However, not everyone thinks the quality of the food has gone down. Sophomore Patrick Bousquet was very enthusiastic in exclaiming that he thinks that the food is better than what we were receiving last year and that he likes what the chef is doing. 

“They have a chef now. Like this guy’s good. There’s some talent in the kitchen,” Bousquet said. He then explained that “every single day [he’s] had it and every single day [he] thought it was good.”

Science teacher Mr. Godwin agrees with Bousquet that the quality of the food has gotten better, but not to the same extent. Bousquet had no real complaints, whereas Mr. Godwin and other members of the science department, like Mrs. Beck were angered by the use of plastic at the salad bar, a byproduct of the new catering company.

“They used to have a compostable bowl last year…but these in order to recycle them you have to wash them. How many students do you think rinse them out?” explained Mrs. Beck, highlighting the environmental risk. 

Not only are these members of the science department angered by the use of plastic containers, they are also upset about having to weigh your salad for pricing. Last year there was a flat rate for a small bowl and a large bowl allowing the faculty to bring their own environmentally friendly ceramic bowls. However, now that the price is dictated by weight, it is much more costly to bring ceramic bowls. 

“Before I used to spend three dollars on my salad but now I’ve been spending about six,” Godwin said. “But, arguably for a better salad.”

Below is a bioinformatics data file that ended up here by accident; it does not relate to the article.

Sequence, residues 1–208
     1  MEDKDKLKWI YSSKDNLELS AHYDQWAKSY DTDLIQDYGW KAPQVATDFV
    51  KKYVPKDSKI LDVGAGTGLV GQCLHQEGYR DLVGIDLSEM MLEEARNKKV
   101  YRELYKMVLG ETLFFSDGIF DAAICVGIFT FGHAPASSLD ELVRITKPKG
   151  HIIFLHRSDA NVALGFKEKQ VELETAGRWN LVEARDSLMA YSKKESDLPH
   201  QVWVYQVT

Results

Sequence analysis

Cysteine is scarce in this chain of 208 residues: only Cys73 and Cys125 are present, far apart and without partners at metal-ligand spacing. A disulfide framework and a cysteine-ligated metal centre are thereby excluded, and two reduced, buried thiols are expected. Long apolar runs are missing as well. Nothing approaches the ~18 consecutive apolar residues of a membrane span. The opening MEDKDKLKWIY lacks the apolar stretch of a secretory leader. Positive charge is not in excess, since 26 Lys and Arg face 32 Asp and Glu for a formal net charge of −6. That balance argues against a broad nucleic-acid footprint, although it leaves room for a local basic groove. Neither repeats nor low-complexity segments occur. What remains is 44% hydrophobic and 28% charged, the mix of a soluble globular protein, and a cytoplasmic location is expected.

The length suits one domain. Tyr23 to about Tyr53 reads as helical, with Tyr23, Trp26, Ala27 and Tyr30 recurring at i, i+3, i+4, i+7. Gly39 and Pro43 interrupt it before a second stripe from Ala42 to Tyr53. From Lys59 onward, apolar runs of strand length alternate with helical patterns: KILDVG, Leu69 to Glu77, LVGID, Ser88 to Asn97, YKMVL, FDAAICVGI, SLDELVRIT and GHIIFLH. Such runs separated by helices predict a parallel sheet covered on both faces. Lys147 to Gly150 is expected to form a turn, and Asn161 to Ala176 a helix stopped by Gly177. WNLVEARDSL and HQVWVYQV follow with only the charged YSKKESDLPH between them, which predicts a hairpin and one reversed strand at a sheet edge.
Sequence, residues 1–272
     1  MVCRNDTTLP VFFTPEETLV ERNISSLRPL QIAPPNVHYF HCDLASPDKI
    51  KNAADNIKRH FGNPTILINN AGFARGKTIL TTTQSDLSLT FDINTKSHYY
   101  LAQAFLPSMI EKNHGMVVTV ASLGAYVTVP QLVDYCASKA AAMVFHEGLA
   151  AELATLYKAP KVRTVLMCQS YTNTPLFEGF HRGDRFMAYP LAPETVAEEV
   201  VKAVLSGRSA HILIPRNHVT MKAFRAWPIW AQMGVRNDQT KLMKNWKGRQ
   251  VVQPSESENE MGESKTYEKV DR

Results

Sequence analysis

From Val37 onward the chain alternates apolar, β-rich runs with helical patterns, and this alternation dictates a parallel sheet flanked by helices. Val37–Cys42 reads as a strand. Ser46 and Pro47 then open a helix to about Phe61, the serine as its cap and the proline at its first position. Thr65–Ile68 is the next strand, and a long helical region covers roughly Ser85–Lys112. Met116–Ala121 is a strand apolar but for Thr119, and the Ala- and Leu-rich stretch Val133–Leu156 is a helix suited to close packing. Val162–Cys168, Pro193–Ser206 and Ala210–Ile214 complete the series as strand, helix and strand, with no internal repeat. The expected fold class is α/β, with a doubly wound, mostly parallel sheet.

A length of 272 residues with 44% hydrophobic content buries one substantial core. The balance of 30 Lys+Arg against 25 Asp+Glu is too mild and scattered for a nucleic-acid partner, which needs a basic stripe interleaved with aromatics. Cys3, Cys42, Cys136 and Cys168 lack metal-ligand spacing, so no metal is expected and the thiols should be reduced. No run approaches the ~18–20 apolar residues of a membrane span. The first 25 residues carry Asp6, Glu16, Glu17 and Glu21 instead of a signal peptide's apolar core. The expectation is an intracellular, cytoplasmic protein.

Godwin is not the only person frustrated by the pricing. Many students are upset about it as well, and they claim that the quantity of food you get doesn’t match the price. 

Swamy expressed her annoyance with this when she said that the food was “so overpriced” as she paid two dollars extra for the addition of carrots. 

Others complained they had to pay six dollars for a sandwich. Sophomore Dominic Torres said he felt awful about paying eight dollars for two slices of pizza and a Gatorade. On pizza day, it would typically cost four dollars for the same pizza Brock served. 

“Brock was planning to do their homemade pizza that day but with our current kitchen constraints they couldn’t make their dough in the back of the kitchen,” explained Chief Financial Officer, Ms. Neumann. She also explained that the entree came with a salad, but not all students opted to get it. 

Moreover, several athletes have complained about the amount of food you receive is not sufficient to hold you over until practice. Stefanska said that she knows that athletes are constantly buying more food from the IB cafe and continue to eat out everyday so they don’t get hungry.